You see them everywhere, but what does that funky-looking punctuation mark really mean?
Hashtags effectively build communities and create great opportunities to market your business or even yourself.
With their recent arrival in Facebook, hashtags are more ubiquitous than ever. You’ve seen them in numerous print, Web and video ads. They even pop up as conversation vehicles on TV shows and live events.
Hashtags can be a bit intimidating or confusing for those new to Twitter or becoming exposed to them for the first time on Facebook.
Turns out it’s one powerful pound sign, particularly when it comes to building your online presence and brand. Check out these six recommendations for mastering hashtagery and please leave your own tips in the comment section!
* Build your audience
Hashtags keep people connected to specific topics and provide a great forum for sharing ideas. We tend to follow and contribute to industry-specific hashtags like #mktg and #socialbiz, for example. Contributing to these kinds of communities by adding the hashtag to your relevant tweets will expose you to a much larger audience and you’ll likely see a few new followers or fans after sharing some quality content.
* Engage your audience
Start a conversation using a topic word followed by “chat.” Professionals and hobbyists typically meet for conversation at a specific time each week and a moderator comes armed with questions to drive discussion. For example, we keep an eye on the #CMGRchat thread each Wednesday afternoon for tips on social media community management.
This is a great opportunity to engage your audience, network with peers or establish yourself as an industry expert or leader. Try moderating a chat at a time that makes sense for your customers or peers (lunchtime is usually ideal). Oh, and be sure to promote the heck out of it in every way possible or you could be talking to yourself.
* Follow a conference/seminar/event
If you’re at a professional event, hashtags are a great way to share nuggets of wisdom and inspiration with fellow attendees. If budget cuts held you back this year, following the hashtag is probably the next best thing. It’s almost like being there, except you won’t get to take part in post-seminar shenanigans.
Larger events typically establish a hashtag in advance. If you’re are an organizer, make sure you include a unique hashtag in your plan.
* Avoid trending topics
You’ll just get lost in a sea of tweets where nobody cares what you think. All those hashtags for TV shows and products are intended to be discussion tools, but contain way too many updates to be effective for discovery or exposure. You might follow a trending tag as a focus group of sorts if the commentary is relevant to your business, but keep in mind that hashtags are meant to be conversational, so use them for engagement and not research.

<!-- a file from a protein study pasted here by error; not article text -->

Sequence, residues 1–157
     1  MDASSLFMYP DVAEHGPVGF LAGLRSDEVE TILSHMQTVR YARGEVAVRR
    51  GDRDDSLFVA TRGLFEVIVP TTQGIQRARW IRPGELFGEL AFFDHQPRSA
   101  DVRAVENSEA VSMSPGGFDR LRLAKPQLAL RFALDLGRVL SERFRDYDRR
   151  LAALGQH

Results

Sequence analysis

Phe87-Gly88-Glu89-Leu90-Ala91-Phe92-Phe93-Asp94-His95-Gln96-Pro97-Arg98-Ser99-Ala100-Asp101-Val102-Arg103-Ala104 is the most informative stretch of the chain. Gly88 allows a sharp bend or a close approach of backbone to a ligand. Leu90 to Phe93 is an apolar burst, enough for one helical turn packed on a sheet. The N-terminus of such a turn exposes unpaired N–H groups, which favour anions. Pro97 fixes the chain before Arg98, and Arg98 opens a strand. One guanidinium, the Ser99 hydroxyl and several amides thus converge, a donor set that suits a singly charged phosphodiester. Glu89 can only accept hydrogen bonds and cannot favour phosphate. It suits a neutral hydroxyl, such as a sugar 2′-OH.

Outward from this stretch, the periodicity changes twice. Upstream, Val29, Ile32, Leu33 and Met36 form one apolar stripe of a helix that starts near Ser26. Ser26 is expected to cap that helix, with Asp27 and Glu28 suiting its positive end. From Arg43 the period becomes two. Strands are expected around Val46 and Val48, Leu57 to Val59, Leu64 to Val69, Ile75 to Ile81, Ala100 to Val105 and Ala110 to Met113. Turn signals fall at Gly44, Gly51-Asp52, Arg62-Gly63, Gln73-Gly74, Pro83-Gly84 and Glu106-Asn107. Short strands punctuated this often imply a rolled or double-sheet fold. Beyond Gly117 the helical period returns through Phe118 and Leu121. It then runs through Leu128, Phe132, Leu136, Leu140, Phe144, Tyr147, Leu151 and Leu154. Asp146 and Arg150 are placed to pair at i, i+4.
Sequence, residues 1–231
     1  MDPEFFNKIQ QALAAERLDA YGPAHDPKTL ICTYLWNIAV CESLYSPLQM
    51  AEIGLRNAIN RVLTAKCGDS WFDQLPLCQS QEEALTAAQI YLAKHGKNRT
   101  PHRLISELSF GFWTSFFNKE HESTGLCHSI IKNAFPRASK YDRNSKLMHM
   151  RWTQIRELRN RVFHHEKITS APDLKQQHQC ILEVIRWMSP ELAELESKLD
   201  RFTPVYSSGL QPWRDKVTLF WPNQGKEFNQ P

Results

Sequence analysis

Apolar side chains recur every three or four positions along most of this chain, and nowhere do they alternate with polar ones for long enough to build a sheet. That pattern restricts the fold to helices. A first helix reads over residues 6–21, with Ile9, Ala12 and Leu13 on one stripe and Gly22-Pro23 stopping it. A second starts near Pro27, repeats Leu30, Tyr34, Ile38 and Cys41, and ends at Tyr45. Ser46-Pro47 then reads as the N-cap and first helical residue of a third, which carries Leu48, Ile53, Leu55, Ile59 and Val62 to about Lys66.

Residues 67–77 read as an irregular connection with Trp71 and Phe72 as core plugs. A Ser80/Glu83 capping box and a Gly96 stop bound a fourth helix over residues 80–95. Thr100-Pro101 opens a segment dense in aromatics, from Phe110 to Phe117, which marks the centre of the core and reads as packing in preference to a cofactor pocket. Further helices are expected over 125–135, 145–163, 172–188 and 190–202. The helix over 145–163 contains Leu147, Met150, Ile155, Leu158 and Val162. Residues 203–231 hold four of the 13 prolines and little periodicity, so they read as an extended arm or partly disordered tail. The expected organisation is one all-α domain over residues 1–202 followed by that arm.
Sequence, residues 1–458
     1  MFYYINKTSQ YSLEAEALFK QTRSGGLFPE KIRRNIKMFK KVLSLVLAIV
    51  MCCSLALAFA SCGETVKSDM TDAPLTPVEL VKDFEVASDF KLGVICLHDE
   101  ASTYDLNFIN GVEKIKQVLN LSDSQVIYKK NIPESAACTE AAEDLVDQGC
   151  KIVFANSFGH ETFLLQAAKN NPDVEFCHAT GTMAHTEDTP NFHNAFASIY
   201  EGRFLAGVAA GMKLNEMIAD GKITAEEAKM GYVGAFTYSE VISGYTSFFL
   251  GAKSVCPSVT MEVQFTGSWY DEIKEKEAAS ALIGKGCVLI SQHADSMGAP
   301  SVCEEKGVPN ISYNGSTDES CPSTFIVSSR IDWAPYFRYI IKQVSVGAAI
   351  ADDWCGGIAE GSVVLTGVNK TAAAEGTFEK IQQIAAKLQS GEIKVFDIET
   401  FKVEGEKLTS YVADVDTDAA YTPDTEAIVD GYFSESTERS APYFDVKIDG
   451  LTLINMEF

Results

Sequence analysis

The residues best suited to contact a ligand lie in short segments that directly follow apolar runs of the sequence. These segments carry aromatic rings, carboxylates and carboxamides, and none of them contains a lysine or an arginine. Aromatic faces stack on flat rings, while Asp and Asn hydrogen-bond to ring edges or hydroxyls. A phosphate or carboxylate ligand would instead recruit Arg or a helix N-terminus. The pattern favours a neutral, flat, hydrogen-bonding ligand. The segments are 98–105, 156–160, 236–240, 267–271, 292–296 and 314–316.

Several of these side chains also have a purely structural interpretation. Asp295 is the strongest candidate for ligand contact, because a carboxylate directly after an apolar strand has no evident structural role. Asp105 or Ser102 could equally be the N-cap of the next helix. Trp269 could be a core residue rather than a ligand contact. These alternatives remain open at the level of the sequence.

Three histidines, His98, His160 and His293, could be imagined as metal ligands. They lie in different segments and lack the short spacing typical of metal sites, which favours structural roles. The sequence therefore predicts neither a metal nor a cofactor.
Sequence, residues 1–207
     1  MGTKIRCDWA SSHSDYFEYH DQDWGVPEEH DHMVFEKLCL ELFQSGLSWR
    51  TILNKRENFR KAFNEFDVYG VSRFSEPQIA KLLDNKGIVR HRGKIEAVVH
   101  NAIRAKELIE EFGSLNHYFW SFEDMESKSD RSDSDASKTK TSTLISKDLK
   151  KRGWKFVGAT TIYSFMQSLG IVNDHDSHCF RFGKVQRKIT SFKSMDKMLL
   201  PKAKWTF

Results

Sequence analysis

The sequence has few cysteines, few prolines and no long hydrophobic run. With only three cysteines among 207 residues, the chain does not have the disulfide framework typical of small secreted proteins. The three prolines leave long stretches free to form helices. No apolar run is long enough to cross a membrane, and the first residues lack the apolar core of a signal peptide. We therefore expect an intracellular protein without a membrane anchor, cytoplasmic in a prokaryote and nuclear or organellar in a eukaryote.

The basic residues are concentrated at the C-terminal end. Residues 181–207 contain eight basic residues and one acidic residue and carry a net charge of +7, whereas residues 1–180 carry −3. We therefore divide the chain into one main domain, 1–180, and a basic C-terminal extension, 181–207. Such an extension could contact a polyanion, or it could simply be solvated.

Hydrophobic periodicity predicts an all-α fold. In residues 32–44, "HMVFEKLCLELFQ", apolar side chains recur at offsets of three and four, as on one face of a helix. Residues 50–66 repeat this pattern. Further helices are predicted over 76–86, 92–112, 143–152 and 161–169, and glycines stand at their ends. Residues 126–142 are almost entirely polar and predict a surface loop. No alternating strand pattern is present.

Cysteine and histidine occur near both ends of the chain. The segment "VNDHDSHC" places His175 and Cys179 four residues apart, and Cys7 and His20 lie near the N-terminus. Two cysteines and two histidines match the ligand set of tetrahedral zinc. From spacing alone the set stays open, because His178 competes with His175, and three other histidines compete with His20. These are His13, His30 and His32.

* Establish your #brand
Hashtags only require a pound sign, so anything is fair game. Establish your own identity, use it to reinforce your specialty and perhaps encourage folks to interact with you via your tag. ABC is the only idea-based marketing agency we know of, so it makes sense to attach #ideabased to tweets about our work or clients. What’s the purpose? Coveted retweets that include your hashed tagline will give you nice exposure. Use your brand tag in tandem with a larger conversation to gain exposure in different communities (e.g. #ideabased #mktg).
* Run a contest or chronicle an event
Creating and promoting a hashtag for your contest or event provides an instant collection of valuable thought and images. You’ll be able to put all of your entries, comments and content in one place. Use a social curator like Storify to preserve and share your user-generated content.
A few notes about #Facebook
Hashtags in Facebook have a long way to go in terms of effectiveness, something that will surely change as time goes on.
For one, the tags aren’t clickable on mobile devices, which means chronicling a conference or event isn’t going to happen quite as widely or quickly in Facebook as it would in Twitter.
Ditto on the tweet chat concept. Tweets won’t load live in the thread, which kind of defeats the purpose.
No harm in applying these tips to both services, though. Get out there, expand your reach and establish your brand with a solid hashtag strategy.
About The Author
A journalist by trade, Shane tells stories that connect brands with target audiences and inspire them to act. He’s a writer, not a copy machine, and that approach brings exceptional content to every print or digital piece he pens.
Shane taps into his past as a reporter and editor to develop clear messages that resonate in every medium, be it blog or brochure, sponsored content or script.
Daily newspapers developed a habit for idea generation, attention to detail and knack for question-asking. His background as a magazine and web editor keeps client communications grammatically sound and effective.
Shane’s word-based deliverables range from long-form features to concise digital copy to persuasive prose. He’s been on both sides of the PR pitch and puts some muscle behind ABC’s media relations.